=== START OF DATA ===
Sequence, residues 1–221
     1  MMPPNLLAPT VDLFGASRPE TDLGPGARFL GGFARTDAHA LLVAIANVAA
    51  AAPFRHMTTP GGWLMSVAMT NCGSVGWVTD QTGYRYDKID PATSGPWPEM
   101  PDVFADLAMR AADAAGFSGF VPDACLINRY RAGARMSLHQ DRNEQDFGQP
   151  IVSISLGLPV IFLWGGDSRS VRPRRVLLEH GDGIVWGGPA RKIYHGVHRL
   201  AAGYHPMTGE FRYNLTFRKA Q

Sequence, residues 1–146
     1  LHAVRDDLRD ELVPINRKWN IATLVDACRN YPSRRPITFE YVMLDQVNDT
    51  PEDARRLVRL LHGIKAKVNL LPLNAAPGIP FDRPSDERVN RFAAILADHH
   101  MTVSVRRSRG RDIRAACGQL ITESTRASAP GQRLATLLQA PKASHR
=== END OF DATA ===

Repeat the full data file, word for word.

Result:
Sequence, residues 1–221
     1  MMPPNLLAPT VDLFGASRPE TDLGPGARFL GGFARTDAHA LLVAIANVAA
    51  AAPFRHMTTP GGWLMSVAMT NCGSVGWVTD QTGYRYDKID PATSGPWPEM
   101  PDVFADLAMR AADAAGFSGF VPDACLINRY RAGARMSLHQ DRNEQDFGQP
   151  IVSISLGLPV IFLWGGDSRS VRPRRVLLEH GDGIVWGGPA RKIYHGVHRL
   201  AAGYHPMTGE FRYNLTFRKA Q

Sequence, residues 1–146
     1  LHAVRDDLRD ELVPINRKWN IATLVDACRN YPSRRPITFE YVMLDQVNDT
    51  PEDARRLVRL LHGIKAKVNL LPLNAAPGIP FDRPSDERVN RFAAILADHH
   101  MTVSVRRSRG RDIRAACGQL ITESTRASAP GQRLATLLQA PKASHR